Gallup poll: Government more to blame than Wall Street for woes

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Despite the growing effect of the Occupy Wall Street movement, Americans are far more likely to blame their economic woes on the federal government rather than major financial institutions, according to a USA TODAY/Gallup Poll released Tuesday.

When asked whom they blame more for the poor economy in the poll conducted over the weekend, 64% of Americans faulted the federal government while 30% cited big banks and other financial institutions. Still, there was a strong populist thread against both big business and government in the responses, with 78% of the respondents saying Wall Street bears a great deal or a fair amount of blame for the struggling economy. But more people, 87%, said the same about the central government.

The results come as demonstrations centered in New York’s Zuccotti Park are in their second month. Protests have spread across the country, and indeed, around the world, causing more than 1,500 arrests in the United States and millions of dollars of damage, mainly in Europe. In the United States, the protests have helped reshape the domestic debate as the nation heads into the 2012 presidential and congressional elections.

Full coverage: ‘Occupy’ protests


The protesters have no real leaders and have a series of changing demands depending on the localities. But in general, the Occupy Wall Street movement is anti-capitalist, blaming the financial institutions and corporate greed for the recent recession and attacking the rich for prospering while the 99% of the country has floundered during the recovery. Protesters have called for more jobs and some form of debt relief for students behind in repaying their loans because they can’t find work and for those who are overdrawn because of the difficulty in making financial ends meet.

Democrats and their allies such as trade unions have seized on the protests as a way of pushing their jobs program, which includes a 5.6% surtax on those earning more than $1 million a year. Some Republicans, who initially condemned the movement as an example of “class war” being pushed by Democrats, have slightly softened their rhetorical tone, but not their conviction that new taxes are unneeded.

The poll also sought to compare the anti-Wall Street movement with the tea party movement, generally viewed as a conservative offshoot of the GOP. Both movements are based on anger at central authorities over the economy and debt.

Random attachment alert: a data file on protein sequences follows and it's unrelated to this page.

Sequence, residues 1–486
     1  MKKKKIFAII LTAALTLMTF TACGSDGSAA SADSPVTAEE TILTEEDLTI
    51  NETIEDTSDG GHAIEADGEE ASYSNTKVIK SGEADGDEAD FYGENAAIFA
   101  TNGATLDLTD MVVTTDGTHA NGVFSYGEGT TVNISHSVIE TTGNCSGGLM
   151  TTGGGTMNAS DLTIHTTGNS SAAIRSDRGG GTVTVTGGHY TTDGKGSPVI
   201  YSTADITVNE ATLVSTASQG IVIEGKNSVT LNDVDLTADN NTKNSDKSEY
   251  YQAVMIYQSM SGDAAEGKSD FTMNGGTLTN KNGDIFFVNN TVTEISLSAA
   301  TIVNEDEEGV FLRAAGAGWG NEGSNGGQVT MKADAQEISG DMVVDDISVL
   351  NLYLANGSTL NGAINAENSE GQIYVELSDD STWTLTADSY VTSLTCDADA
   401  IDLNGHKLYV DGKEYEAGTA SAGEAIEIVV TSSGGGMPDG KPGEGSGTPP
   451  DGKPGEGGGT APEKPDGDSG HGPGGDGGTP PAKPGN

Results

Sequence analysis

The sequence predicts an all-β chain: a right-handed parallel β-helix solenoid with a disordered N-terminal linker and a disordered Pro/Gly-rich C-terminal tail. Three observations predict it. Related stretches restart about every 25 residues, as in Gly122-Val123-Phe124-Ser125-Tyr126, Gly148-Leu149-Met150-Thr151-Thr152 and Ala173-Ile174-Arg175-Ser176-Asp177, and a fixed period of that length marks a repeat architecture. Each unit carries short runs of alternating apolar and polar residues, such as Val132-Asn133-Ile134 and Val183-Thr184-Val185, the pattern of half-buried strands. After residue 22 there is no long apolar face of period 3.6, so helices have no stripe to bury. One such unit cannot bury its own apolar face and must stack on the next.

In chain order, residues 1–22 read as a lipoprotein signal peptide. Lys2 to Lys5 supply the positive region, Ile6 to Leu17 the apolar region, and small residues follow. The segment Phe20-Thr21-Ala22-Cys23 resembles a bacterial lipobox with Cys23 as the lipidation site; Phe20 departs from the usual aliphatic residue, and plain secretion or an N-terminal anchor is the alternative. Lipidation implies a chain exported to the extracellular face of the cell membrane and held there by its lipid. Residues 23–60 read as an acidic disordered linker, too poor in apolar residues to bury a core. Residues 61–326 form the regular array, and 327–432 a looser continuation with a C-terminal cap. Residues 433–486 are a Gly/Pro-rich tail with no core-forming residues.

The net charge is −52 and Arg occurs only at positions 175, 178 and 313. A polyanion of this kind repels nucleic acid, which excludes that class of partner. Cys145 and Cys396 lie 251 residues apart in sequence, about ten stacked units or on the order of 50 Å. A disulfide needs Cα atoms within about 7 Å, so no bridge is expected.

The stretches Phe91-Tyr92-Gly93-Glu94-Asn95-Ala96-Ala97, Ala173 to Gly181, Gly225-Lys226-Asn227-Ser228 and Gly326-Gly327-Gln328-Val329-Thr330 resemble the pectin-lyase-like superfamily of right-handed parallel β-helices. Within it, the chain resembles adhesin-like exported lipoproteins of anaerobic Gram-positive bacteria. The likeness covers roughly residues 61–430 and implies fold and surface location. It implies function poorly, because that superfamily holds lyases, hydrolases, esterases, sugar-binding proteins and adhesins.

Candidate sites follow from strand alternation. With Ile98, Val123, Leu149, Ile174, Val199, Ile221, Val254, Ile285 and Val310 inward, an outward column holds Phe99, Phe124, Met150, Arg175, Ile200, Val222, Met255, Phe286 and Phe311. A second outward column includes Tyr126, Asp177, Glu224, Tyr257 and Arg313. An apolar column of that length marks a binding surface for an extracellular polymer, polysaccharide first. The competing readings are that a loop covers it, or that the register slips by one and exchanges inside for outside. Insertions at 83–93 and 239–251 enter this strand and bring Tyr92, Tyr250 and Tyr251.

But the movements seem to part company in their policy prescriptions. The tea party is seeking to cut off funding to the central government, leaving the free market to govern itself. The Occupiers seem to want government to contain corporate excesses and greed.

According to the poll, Republicans are generally more likely to disapprove than approve of the movement’s goals and methods while Democrats have the opposite view.

A majority of Americans, regardless of party affiliation, said they were neutral about the Occupy Wall Street and tea party movements. About 26% of those surveyed described themselves as supporters of the Occupy movement and 19% said they were opponents. About 52% said they were neither, with 4% having no opinion.

Meanwhile, 22% of Americans described themselves as tea party movement supporters and 27% as opponents. A plurality, 47%, said neither, according to the poll.

Part of the difficulty in understanding the Occupy protests is that fewer people than usual are following the story in the media, according to the poll. Fifty-six percent said they are following the story closely, including 18% who said very closely. That is below the averages for more than 200 news events Gallup said it has tracked since the 1990s.

The poll is based on 1,026 telephone interviews conducted Oct. 15-16. The margin of error is plus or minus 4 percentage points.


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